2011 Annual Science Report
NASA Goddard Space Flight Center Reporting | SEP 2010 – AUG 2011
EPO Activity: EPO - GCA Activities at Explore@NASA Goddard Day
The Explore@NASA Goddard Day on May 14th, 2011 had over 15,000 visitors on Center. GCA planned and supported five activities:
i. Build Your Own Spectroscope (Fig. 1) – Participants built spectroscopes using mailing tubes and grating slides, then viewed spectra produced by mercury, xenon and helium gas discharge lamps set up in a dark room. Over 100 copies of lesson plans were handed out to parents and teachers on how to make their own spectroscope and to explain spectroscopic techniques.
ii. Seeing in Reflected Lights of Near Infrared (NIR) – Images were shown to demonstrate NIR photography using digital cameras and inexpensive NIR filters and to explain how scientists acquire information about the Solar system using reflected NIR radiation.
iii. Methane on Mars and Earth Display – The display explained how methane was detected on Mars using high-resolution spectroscopy with ground-based telescopes and its significance in the search for life. A comparison map was shown comparing the distribution of methane on Earth and on Mars. Google Mars was set up on a computer to show the locations of methane releases on Mars.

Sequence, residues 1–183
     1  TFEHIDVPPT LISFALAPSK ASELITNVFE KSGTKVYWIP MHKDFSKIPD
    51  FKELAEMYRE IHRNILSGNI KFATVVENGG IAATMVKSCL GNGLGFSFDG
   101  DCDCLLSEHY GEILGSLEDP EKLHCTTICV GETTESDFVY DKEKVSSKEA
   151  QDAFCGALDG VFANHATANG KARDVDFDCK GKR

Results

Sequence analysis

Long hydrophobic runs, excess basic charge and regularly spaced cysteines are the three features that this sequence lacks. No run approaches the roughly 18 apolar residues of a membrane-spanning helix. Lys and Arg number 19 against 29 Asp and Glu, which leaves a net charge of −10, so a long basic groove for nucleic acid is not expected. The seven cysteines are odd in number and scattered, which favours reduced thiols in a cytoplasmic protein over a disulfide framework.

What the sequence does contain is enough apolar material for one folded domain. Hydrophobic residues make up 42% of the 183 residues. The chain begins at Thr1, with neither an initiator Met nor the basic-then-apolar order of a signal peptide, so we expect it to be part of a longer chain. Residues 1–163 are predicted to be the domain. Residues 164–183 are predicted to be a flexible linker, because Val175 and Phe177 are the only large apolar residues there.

iv. 1000 Gum Drops for Organic Chiral molecules (Fig. 2) – Participants built chiral molecules from gum drops and toothpicks, while staff explained chirality in organic molecules and its relevance in the search for the origin of life and the recent detection of chiral molecules in meteorites.
v. Walk Through Solar System Times – Over 25 posters were displayed in the long hallway of the Space Science Building, which was calibrated in time and transformed into a gallery to illustrate events in the past 4.6 billion years of Solar System history, with focus on conditions that contributed to the emergence of life and the related GCA research. Docents were on hand to answer questions from visitors. Astrobiology comic books and other hands-on activities were placed along the hallway to attract younger visitors.
In addition, video vignettes of GCA scientists and animations used in GCA press releases were shown in between demonstrations to illustrate the astrobiology scientific activities related to the search for the origin of life.